UNO's first day of preparation for the WCHA playoffs was a day to get healthy.
The Mavericks took Monday off before returning to practice Tuesday.
“For a lot of reasons,” UNO coach Dean Blais said. “I thought we needed it, physically and mentally.”
A weekend snowstorm that led to some slow travel on the team's overnight bus trip home from Duluth, Minn., and would have made Monday travel around town difficult, at least contributed to the extra day off. But it was Saturday's 6-0 loss — UNO's fourth straight defeat — that was the main motivation.
“It was definitely needed,” said junior forward Matt White, one of UNO's co-captains. “When you get to the playoffs, you don't necessarily want days off, but the way we've been playing right now, I think it was just time for a little time for ourselves and to refocus.”
No. 20 UNO got home just a little late Sunday morning. The team did spend time together on Monday. Players went to a movie.
“I think we needed to get away from the ice a little bit and regroup as a team,” junior forward Ryan Walters said. “We went to a team movie to have some fun with the guys and relax a little. We've been uptight with this losing streak that we're on. We tried to change something up to maybe get a little bit of chemistry back.”
The Mavericks' second straight season-ending tailspin has sent them on the road for the playoffs as the seventh seed once again. This time, they'll play their best-of-three series with Nos. 10 and 11 Minnesota State-Mankato, with games Friday, Saturday and — if necessary — Sunday scheduled for 7:07 p.m. at the Verizon Wireless Center.
After an impressive start to the season, UNO has lost seven of its last nine games, including its last four. The Mavs ultimately needed four more points to have home ice for the opening round.
After losing in overtime to Michigan Tech on Feb. 2, the Mavs were still in second place in the WCHA, three points out of first, before being swept at home by North Dakota on Feb. 8 and 9.
The Mavs lost a hard-fought 2-1 game at CenturyLink Center on Feb. 8, but fell behind 3-0 the following night in the outdoor game at TD Ameritrade Park and lost 5-2.
“It probably started with North Dakota,” Blais said. “Two home games with North Dakota, the first time we've been swept. Part of it is was not-so-great conditions for the outdoor game — that favors the team that won on Friday night. ... We didn't have a chance to really recover, especially with the way that game went.”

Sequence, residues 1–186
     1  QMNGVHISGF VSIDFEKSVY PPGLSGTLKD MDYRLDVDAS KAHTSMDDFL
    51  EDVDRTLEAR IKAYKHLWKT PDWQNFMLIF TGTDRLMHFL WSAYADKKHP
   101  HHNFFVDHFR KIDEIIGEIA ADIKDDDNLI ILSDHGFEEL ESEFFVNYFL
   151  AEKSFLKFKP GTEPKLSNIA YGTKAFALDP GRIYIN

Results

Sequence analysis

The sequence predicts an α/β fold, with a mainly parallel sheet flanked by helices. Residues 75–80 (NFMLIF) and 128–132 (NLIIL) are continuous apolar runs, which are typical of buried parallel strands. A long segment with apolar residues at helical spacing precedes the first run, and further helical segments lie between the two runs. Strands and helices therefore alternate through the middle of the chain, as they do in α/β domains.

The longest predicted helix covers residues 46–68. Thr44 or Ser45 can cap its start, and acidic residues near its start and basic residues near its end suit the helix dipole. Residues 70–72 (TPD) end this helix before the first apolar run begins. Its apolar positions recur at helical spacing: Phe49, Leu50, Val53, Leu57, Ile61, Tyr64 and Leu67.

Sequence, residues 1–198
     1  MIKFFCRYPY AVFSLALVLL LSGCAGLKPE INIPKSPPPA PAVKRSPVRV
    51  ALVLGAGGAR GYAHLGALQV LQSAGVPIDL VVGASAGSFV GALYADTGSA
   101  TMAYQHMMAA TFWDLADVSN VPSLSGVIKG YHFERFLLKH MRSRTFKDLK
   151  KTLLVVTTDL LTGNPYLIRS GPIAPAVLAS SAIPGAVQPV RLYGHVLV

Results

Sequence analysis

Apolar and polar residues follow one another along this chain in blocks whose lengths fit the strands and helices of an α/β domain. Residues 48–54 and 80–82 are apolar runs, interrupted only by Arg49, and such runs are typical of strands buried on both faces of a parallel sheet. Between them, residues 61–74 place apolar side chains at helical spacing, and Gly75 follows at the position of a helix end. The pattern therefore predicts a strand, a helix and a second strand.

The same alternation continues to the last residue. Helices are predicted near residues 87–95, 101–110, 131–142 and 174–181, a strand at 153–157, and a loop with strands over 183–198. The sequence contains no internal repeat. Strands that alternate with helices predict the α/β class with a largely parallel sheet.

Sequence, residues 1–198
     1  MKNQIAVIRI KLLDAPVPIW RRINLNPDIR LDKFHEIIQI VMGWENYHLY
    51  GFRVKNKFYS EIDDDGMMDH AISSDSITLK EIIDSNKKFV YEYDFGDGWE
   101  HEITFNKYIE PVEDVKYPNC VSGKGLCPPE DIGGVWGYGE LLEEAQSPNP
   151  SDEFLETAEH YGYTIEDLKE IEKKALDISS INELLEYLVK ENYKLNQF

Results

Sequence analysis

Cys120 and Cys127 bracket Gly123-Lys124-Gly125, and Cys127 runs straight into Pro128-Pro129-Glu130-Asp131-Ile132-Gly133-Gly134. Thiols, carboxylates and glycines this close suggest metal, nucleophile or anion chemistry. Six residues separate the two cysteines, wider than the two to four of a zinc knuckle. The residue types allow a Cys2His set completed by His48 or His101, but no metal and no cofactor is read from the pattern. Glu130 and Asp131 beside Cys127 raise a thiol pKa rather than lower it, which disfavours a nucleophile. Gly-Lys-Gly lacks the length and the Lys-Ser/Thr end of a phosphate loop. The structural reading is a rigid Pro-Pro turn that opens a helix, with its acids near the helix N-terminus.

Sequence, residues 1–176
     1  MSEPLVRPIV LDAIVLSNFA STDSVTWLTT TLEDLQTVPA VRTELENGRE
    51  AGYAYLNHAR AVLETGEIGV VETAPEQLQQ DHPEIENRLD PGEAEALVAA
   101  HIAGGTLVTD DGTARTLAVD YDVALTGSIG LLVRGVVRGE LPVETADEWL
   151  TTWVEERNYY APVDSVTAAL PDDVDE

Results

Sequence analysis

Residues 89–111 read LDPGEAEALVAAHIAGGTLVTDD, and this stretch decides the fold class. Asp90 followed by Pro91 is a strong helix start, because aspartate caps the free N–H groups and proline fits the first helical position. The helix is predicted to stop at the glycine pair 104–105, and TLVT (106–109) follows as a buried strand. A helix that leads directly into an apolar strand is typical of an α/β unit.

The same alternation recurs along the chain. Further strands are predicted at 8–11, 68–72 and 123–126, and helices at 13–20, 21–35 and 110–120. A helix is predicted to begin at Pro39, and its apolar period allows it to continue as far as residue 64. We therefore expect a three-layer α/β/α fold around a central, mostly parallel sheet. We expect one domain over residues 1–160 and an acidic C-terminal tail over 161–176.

UNO went to Alaska-Anchorage and swept the last-place Seawolves, including twice rallying from two-goal deficits and eventually winning in overtime in the second game.
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But four consecutive losses followed. UNO has given up 26 goals in its last five games.
Blais said he may have put too much pressure on his team to land home ice, and that was a major factor in Saturday's 6-0 loss, the team's worst in three seasons.
He said the interest some of his players are receiving from NHL teams may be a small factor, too.
The penalty kill has fallen apart, allowing five goals in eight chances Saturday and 13 goals in 26 opportunities over the last five games.
“It's kind of easy to throw things out there when you're on a losing streak and blame certain things,” White said. “It just comes down to putting the puck in the net and keeping the puck out of our net.
“We took too many penalties (at Minnesota-Duluth). Their special teams won the weekend — that's plain and simple. But as far as being nervous — we've played enough hockey and I don't think we were nervous at all. It just comes down to who wants to win more.”
Said Walters: “I don't know what happened Saturday night. We all knew that home ice was on the line, and for some reason we didn't come out playing the way we should have to make sure we secured it. As a result, we got beat 6-0.”
UNO (18-16-2) and Minnesota State (22-11-3) played a series in Omaha in mid-December, with MSU winning the opener 6-3 before UNO bounced back to end MSU's seven-game winning streak with a 5-1 win in the second game.
While MSU has gone 12-5-1 since then, UNO has gone 7-10-1.
“My first challenge is to get the team to believe they can do it after four straight losses,” Blais said. “This has got to be a good week of execution, confidence building and the players buying in to everything we've tried to do.
“We've played well enough and have had enough success to not have to change a whole lot of things. They know the systems and they know how we're supposed to play. Now they have to just execute it. We have to come together, play for each other, forget any kind of distractions — whatever they may be.”
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